Billie Eilish, the 18-year-old singer-songwriter redefining pop stardom, recently spoke with the the LA Times about her climate anxiety. It’s taken the form of bad dreams, spooky lyrics, and high fashion: a week earlier, Eilish wore a characteristically oversized “No Music on a Dead Planet” tee to the American Music Awards.
“We’re about to die if we don’t change,” she told the paper.
A year ago, such a blunt message from one of the biggest acts in the world would have seemed like an aberration. In April, Ryan Bassil at Vice argued that musicians weren’t ready to tackle the climate crisis — and wouldn’t be for the foreseeable future. Combining climate activism with a music career isn’t a lucrative stance, especially at its extremes: Coldplay, which announced it will not tour until concerts are “actively beneficial” to the environment, stands to lose hundreds of millions in ticket sales. Activism isn’t always aesthetically pleasing, either. As Bassil noted, artists like Bono have made songs about collective action seem chronically “corny and overly sincere.” Or, as Grist put it back in 2009, the Venn diagram of “songs that suck” and “songs that are green” is basically a circle.
But it has since become clear that this was the year that the changing climate began changing music, with many major recording artists streaming their interpretations of the eco-apocalypse. It was, at times, extremely corny. In April, YouTube rapper Lil Dicky released “Earth,” a star-studded and totally unlistenable call to action. In July, The 1975 made an eponymous “song” that’s just a Greta Thunberg speech set to a tinkling piano. More often, though, musicians have found their own unique way to give voice to the experience of living at the end of days — to living, in other words, in 2019.
Eilish is arguably the most famous and outspoken artist on the climate crisis so far. In September, Darkroom / Interscope Records released the music video for “All the Good Girls Go to Hell.” For a haunting three minutes, Eilish dons the perspective — and wings — of a fallen angel who lands in the goopy darkness of a La Brea-like tar pit. As the creature stalks the seared streets of Los Angeles, Eilish whispers her refrain, “Hills burn in California / my turn to ignore ya / don’t say I didn’t warn ya.”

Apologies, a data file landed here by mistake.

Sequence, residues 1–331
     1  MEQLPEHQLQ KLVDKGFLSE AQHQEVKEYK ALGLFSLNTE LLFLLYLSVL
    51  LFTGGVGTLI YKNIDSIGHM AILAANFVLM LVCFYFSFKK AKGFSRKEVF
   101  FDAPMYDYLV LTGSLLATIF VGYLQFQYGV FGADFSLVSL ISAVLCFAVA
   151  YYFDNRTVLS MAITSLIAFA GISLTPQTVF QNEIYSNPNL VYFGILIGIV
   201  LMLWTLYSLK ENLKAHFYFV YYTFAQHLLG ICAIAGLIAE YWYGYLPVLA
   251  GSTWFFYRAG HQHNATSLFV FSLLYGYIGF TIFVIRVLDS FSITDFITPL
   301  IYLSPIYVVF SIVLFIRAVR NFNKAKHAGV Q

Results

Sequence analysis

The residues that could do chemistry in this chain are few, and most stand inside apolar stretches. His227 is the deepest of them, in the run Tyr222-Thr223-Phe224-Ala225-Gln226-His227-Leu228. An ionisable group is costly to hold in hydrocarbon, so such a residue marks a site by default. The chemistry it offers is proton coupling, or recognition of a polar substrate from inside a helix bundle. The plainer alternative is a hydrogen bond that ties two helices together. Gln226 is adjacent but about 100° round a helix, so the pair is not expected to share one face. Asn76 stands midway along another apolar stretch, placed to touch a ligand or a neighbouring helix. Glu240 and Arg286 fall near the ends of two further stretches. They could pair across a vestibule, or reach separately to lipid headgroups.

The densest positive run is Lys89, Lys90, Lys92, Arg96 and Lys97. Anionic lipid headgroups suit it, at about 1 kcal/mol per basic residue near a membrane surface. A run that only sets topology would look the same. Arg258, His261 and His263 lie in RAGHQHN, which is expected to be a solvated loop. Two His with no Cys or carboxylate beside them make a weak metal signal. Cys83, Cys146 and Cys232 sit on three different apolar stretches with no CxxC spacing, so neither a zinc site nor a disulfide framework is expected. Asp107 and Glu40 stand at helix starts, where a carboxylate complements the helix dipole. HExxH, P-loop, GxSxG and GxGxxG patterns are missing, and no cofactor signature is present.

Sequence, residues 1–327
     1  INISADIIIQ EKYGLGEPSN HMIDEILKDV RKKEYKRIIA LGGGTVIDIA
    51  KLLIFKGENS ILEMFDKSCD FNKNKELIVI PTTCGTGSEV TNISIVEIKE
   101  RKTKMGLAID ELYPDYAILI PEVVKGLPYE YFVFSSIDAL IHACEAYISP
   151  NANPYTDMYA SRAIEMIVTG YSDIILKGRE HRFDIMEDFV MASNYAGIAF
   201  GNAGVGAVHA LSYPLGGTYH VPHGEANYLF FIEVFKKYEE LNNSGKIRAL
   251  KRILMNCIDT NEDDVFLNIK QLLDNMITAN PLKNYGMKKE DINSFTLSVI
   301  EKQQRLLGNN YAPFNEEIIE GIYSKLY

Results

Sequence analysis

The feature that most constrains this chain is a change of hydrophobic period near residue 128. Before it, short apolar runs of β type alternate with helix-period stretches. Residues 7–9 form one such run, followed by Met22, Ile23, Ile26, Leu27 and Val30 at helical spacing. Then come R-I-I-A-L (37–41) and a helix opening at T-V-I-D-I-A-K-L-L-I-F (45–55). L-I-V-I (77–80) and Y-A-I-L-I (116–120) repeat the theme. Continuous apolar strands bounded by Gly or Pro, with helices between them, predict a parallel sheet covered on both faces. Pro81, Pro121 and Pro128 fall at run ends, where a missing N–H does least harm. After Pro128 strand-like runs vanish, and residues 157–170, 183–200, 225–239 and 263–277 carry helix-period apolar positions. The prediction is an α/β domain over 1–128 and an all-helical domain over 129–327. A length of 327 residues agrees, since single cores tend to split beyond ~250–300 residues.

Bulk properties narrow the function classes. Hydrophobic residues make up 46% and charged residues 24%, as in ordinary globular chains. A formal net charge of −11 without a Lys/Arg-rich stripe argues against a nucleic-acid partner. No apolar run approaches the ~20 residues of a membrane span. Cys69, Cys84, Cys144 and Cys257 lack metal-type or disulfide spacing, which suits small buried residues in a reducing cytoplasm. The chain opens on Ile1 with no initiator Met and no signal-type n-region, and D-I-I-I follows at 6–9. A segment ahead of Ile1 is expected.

In case the foreboding lyrics or fiery visuals don’t do the trick, the YouTube video description shares Eilish’s message in clear-cut prose: “A note from Billie,” it proclaims. “The clock is ticking… take it to the streets. #climatestrike.”
Grimes, the experimental recording artist, has also been writing hymns for a horsewoman of the apocalypse. She described her forthcoming album, Miss Anthropocene, as the tale of an “anthropomorphic Goddess of climate change.” The first singles dropped in November. On “My Name is Dark,” Grimes sings about how “imminent annihilation sounds so dope,” while still asking God to “un-fuck the world.”
Not everyone is so high-concept. In August, Lana Del Rey released her long-awaited album, Norman Fucking Rockwell. On “The Greatest,” Del Rey put a joyfully nihilistic spin on our current catastrophe. She spends the majority of the song mixing the personal and the universal with lyrics like, “the culture is lit and if this is it, I’ve had a ball / I guess I’m burned out after all.” But at the end of the track, the former New Yorker gets explicit about her new Southern California surroundings: “LA is in flames, it’s getting hot” — an idea reinforced by the cover art, which depicts Del Rey on a boat just off a smoldering shore.
At this point, it feels like you can find climate change in everything. Fans retrospectively assign apocalyptic meaning to their favorite songs all the time. Take “Year 3000” by the Jonas Brothers (a Disney-fied cover of an earlier hit by the British band Busted) which can be understood as a message of climate optimism: your descendants will “live underwater,” but the time-traveling brothers assure you that “your great-great-great granddaughter is doing fine.”
Sometimes, it’s the artists who add new meaning to their own music. At the Global Climate Strike in New York City, thousands watched Jaden Smith perform a short musical set. He introduced his 2017 song “Icon,” which is about gold teeth and owning your own record label, as something that “really goes to show what we all have to be in this world — and in the environmental community — in order to make a difference.”
This may have been the year that climate change had a musical moment all its own, but the message has been emanating from our speakers for decades: What is “All Star” if not a reminder of just how long we’ve known about climate change? As Smash Mouth sang in 1999, “The ice we skate is getting pretty thin / The water’s getting warm so you might as well swim / My world’s on fire, how about yours? / That’s the way I like it and I never get bored.”
As musicians develop new ways to address the climate crisis, listeners won’t get bored, either. And maybe, at Eilish’s behest, some will continue to take their climate anthems to the streets.